Did you ever see that movie Defending Your Life?
I know, you’re like “where did a 1990’s baby pull that one out of?”
But growing up, this was one of my favorite movies. Back when I was a kid I loved it because it depicted a world where you could eat anything (everything) in excess–and never feel sick or get fat. Just endless sushi and omelets and everything was delicious. (As a kid who later in life developed a whole index of food intolerances this was a particularly moving sentiment.)
That’s still one of my favorite parts–but as an adult, I love this movie because I think it says a lot about your life. If you haven’t seen it–here’s the IMDB summary:
In an afterlife resembling the present-day US, people must prove their worth by showing in court how they have demonstrated courage.
Which is pretty vanilla considering the grandeur they show in recounting each character’s life. They talk about the moments in their lives that were defining–decisions they made and why they made them. They didn’t judge how smart you were, how much money you made, how many kids you had or what kind of job you took. The key to moving on to somewhere better? The strength of character to have overcome fear.
The fear of running into a burning building to save your cat–and the fear of asking for even more than you think you deserve during a job interview. Wherever there were moments in your life where you let fear get in the way of what would make you fulfilled and happy–that is what they brought to trial.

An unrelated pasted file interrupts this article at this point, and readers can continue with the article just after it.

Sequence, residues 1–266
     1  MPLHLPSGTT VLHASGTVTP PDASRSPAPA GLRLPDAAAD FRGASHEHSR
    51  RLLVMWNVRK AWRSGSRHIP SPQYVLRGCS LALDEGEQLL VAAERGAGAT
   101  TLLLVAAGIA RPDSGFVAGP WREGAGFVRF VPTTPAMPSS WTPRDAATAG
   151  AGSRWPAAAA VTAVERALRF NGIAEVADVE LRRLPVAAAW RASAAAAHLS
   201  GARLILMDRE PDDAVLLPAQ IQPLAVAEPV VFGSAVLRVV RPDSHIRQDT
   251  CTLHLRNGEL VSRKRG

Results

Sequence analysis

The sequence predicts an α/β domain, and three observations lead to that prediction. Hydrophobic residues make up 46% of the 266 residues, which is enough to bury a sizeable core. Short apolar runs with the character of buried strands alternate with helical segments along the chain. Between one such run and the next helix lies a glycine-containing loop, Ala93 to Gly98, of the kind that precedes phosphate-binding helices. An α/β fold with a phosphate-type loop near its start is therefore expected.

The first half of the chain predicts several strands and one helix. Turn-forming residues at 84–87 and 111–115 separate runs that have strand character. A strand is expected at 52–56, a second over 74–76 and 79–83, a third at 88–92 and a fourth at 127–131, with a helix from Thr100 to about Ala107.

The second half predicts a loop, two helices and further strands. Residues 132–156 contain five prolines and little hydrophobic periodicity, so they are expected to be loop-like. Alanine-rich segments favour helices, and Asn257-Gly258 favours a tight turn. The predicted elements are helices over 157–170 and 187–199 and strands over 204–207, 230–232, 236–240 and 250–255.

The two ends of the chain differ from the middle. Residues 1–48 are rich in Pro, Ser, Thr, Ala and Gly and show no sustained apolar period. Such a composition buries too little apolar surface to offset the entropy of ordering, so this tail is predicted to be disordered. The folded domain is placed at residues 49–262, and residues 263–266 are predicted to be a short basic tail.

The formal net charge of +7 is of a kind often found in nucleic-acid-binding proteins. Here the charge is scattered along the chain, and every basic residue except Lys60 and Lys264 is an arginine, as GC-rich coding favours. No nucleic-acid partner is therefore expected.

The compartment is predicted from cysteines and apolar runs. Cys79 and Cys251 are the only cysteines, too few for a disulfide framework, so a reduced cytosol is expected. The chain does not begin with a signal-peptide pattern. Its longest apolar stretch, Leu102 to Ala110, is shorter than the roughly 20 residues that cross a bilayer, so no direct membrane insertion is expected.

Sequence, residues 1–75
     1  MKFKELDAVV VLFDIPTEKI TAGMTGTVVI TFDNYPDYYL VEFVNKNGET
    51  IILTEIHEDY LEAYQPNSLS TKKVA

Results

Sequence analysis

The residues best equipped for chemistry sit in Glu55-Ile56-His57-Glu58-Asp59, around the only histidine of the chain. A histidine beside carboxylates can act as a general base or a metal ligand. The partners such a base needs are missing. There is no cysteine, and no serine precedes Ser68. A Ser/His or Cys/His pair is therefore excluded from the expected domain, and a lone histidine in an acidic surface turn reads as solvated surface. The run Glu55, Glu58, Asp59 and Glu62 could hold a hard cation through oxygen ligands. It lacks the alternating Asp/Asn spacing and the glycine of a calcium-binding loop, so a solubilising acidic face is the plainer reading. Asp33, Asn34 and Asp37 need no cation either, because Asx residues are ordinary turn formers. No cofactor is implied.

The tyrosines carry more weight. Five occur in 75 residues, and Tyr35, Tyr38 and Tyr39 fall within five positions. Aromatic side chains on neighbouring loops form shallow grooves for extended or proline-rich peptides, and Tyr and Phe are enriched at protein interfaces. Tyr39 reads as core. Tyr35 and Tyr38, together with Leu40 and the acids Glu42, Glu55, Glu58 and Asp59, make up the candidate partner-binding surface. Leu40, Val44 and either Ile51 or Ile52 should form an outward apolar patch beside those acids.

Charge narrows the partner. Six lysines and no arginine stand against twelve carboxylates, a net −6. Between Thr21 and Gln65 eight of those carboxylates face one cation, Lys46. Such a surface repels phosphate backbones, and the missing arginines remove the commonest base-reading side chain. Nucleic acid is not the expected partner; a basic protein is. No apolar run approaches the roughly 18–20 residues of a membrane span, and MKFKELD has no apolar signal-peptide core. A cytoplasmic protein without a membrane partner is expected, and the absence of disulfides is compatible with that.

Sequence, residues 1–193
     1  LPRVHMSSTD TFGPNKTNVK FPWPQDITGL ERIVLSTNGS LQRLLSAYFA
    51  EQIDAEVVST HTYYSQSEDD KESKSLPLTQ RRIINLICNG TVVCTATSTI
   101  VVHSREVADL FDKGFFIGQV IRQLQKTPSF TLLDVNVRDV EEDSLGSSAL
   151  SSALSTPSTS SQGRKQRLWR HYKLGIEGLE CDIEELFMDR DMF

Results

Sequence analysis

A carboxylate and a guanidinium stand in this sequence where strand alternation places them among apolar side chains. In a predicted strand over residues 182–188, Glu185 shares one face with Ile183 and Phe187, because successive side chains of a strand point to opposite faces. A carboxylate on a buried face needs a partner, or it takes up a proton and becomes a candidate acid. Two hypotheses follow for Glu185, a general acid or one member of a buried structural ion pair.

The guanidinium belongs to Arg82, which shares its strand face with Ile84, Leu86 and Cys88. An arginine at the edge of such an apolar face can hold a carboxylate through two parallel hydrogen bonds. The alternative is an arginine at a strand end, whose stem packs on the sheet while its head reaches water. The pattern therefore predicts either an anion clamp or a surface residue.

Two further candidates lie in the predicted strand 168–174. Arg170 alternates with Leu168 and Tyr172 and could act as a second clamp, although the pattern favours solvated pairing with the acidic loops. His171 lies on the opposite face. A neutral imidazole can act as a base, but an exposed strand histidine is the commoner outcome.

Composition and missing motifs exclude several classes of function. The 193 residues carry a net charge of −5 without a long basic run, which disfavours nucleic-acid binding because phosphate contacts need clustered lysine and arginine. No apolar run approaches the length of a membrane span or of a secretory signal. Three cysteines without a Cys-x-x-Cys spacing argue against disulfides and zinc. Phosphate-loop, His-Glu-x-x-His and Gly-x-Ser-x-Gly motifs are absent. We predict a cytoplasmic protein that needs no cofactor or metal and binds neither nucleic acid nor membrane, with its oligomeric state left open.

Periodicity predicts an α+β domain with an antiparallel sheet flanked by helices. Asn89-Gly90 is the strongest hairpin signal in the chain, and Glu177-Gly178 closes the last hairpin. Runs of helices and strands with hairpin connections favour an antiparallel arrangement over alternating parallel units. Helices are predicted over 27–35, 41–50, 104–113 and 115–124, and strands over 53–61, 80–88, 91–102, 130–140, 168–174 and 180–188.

And I really think that’s what’s waiting at the end of my life. Whether or not it’s in an actual celestial courtroom (although I GUARANTEE there will be actual celestial sushi buffets) I think there will be a factor to the worthiness of my life based on how much fear I overcame.
I say this because the older I get the more things I realize I’m afraid of. The older I get the more things I realize that I will HAVE to overcome in order to live a good life, be accountable for the people I love, and most importantly to like myself.
I want to know that there were moments in my life where I was meant to stand up for myself–and I did. I want to know that there were days I probably shouldn’t have gotten out of bed–but I got up, put in my contacts and did it all anyways. I want to know that I allowed myself the opportunities to have a bigger, crazier, more celebratory life–even though I feared all of the challenges that it brought with it.
It’s something that’s always in the back of my head now: if I were defending this moment in my life–could I truthfully say that this was a moment where I chose to be brave?
What are you not letting fear take away from you today?